Of course, the very best way to keep up with your business responsibilities is to take care of yourself so you’re better able to fight off whatever viruses make the rounds this season. You know how it’s done! Get enough sleep each night, eat the right stuff, take your vitamins, drink a lot of water, exercise, wash your hands often…I know, “blah, blah, blah.” But it’s important. As a solopreneur, your business depends on you. So, put some thought into how you’ll manage your work if you get hit by the cold and flu bus, but better still, do what you can to not get run over in the first place!

How do you keep from falling behind on your work when you’re feeling under the weather? 

By Dawn Mentzer

Image courtesy of marin / FreeDigitalPhotos.net

5 Things Freelance Professionals Need to Get Over

To run your own freelance business, you can’t afford to be your own worst enemy. There are times when it gets toughMan jumping over obstacle having your work scrutinized, waiting for  responses from clients, prospecting for new business, and putting your foot down. But these things come with the territory when you freelance, so to get on with business, you need to get over a few things first.

Don’t let these things hold you back in your freelancing business:

Sensitivity to criticism

The beauty of what freelancers do is generally in the eye of the beholder. Clients are subjective…their unique styles, likes, and dislikes will play a role in determining whether or not they like your work. There’s no room for Prima Donnas in freelancing. Accept that not everyone will love all of your work all of the time.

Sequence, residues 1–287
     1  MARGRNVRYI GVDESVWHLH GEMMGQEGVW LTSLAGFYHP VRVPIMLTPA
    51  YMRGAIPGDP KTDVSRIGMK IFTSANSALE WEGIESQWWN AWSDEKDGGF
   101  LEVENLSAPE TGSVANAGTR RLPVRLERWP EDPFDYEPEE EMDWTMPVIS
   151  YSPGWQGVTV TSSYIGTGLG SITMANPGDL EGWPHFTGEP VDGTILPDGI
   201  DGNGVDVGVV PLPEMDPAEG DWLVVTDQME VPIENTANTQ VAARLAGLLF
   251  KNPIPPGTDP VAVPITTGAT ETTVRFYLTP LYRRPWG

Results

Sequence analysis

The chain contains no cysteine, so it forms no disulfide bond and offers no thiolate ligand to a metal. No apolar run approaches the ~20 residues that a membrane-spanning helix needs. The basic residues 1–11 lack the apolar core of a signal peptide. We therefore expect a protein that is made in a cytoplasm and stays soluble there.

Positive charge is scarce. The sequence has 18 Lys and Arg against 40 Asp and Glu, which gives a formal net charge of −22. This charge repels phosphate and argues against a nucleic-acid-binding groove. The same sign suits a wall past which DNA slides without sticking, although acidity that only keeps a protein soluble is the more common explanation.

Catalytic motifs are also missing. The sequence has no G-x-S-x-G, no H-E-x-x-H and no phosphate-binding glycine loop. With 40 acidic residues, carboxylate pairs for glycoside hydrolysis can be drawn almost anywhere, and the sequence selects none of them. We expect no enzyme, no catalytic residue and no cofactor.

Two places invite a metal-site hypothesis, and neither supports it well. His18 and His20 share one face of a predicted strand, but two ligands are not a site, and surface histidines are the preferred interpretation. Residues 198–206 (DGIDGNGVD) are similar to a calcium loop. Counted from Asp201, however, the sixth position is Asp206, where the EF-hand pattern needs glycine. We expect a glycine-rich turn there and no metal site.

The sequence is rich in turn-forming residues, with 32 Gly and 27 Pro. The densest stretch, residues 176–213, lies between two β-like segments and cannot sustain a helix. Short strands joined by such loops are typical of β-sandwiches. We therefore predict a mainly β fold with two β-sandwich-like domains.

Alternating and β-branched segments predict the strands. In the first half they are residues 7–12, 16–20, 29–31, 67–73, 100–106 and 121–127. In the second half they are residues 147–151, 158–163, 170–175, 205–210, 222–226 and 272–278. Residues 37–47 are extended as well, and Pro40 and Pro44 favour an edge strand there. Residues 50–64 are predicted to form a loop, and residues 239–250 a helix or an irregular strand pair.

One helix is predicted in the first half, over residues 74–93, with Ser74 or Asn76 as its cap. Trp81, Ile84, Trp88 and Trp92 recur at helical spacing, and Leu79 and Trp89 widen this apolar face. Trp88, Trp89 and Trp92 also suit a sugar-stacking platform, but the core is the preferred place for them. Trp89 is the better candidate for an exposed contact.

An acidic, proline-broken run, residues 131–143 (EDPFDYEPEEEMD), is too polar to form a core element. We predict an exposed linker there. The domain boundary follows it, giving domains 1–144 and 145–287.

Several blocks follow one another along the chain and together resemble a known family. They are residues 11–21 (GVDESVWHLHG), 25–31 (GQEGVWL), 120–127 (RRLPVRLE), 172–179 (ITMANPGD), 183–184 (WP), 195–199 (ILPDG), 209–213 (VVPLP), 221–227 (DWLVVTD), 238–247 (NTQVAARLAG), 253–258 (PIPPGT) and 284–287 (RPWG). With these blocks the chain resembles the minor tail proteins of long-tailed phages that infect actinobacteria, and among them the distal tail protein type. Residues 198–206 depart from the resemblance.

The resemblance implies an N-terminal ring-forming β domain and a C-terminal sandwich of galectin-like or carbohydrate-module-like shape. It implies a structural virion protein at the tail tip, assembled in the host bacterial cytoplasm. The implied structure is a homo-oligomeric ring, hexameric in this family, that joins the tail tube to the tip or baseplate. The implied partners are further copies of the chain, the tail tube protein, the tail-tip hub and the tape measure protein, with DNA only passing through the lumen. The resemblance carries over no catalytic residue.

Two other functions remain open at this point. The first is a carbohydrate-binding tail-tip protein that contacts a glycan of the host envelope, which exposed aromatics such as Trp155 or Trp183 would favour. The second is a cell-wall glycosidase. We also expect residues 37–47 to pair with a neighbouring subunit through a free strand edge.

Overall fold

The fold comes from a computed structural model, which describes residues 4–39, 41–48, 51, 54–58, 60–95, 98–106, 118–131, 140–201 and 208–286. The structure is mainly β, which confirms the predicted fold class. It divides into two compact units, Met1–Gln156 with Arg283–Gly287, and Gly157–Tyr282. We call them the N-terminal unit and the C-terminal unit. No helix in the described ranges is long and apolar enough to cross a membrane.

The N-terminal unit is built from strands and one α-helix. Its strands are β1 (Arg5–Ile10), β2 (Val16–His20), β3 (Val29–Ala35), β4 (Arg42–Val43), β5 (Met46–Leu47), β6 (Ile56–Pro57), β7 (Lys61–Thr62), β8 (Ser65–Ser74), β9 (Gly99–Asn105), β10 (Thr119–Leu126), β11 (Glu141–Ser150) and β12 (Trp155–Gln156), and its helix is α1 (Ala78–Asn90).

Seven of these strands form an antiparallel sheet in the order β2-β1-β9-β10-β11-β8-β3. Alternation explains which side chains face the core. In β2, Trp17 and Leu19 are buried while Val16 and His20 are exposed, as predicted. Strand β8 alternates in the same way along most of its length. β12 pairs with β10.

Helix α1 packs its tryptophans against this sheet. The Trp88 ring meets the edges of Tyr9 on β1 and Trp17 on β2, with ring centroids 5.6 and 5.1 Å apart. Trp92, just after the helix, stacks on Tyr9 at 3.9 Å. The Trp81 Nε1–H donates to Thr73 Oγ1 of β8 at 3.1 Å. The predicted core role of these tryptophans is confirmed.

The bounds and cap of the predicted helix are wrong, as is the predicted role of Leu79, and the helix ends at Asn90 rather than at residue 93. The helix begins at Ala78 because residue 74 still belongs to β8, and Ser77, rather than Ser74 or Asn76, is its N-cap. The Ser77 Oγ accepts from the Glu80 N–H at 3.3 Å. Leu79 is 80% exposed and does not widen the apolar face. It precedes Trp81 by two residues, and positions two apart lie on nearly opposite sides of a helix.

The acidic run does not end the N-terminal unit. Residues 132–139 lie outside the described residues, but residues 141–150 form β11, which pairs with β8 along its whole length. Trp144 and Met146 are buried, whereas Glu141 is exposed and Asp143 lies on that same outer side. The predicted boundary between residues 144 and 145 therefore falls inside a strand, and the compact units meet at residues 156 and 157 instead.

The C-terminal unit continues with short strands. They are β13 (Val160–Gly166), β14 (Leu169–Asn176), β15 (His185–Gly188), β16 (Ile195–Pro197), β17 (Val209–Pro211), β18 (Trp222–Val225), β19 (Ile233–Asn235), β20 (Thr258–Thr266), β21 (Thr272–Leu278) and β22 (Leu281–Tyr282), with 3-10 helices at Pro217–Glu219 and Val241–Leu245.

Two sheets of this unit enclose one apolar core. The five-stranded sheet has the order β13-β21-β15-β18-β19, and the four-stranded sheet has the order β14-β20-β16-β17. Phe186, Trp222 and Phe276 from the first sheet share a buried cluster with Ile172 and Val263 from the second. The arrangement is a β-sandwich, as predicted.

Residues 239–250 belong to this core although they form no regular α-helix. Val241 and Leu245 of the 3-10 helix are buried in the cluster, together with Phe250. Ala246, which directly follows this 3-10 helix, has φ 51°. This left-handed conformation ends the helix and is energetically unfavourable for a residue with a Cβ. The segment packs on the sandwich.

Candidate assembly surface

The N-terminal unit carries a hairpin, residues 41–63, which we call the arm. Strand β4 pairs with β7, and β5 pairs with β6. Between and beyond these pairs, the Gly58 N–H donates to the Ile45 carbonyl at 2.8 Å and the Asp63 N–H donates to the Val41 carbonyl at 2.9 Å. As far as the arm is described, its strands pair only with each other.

Perfectionism

You’re not perfect. I’m not perfect. No freelancer is. Don’t beat yourself up over mistakes – but own them and do what it takes to make them right. Most important, recognize if there are areas of business where you make mistakes repeatedly. You might need to take more time when tackling them or outsource tasks when possible.

Dislike of networking

Want to get quality clients? Network, network, network – online and in person! I know a fair share of freelancers who very much dislike mixing and mingling in social settings. Avoiding networking activities puts you at a disadvantage. Face-to-face networking can give you a major edge as prospects hear your voice, see your smile, feel your personality up close and personal. You’ll need to embrace social media, too. Used consistently, it builds professional relationships and goodwill because it makes it easy to show support of and interest in prospects and clients.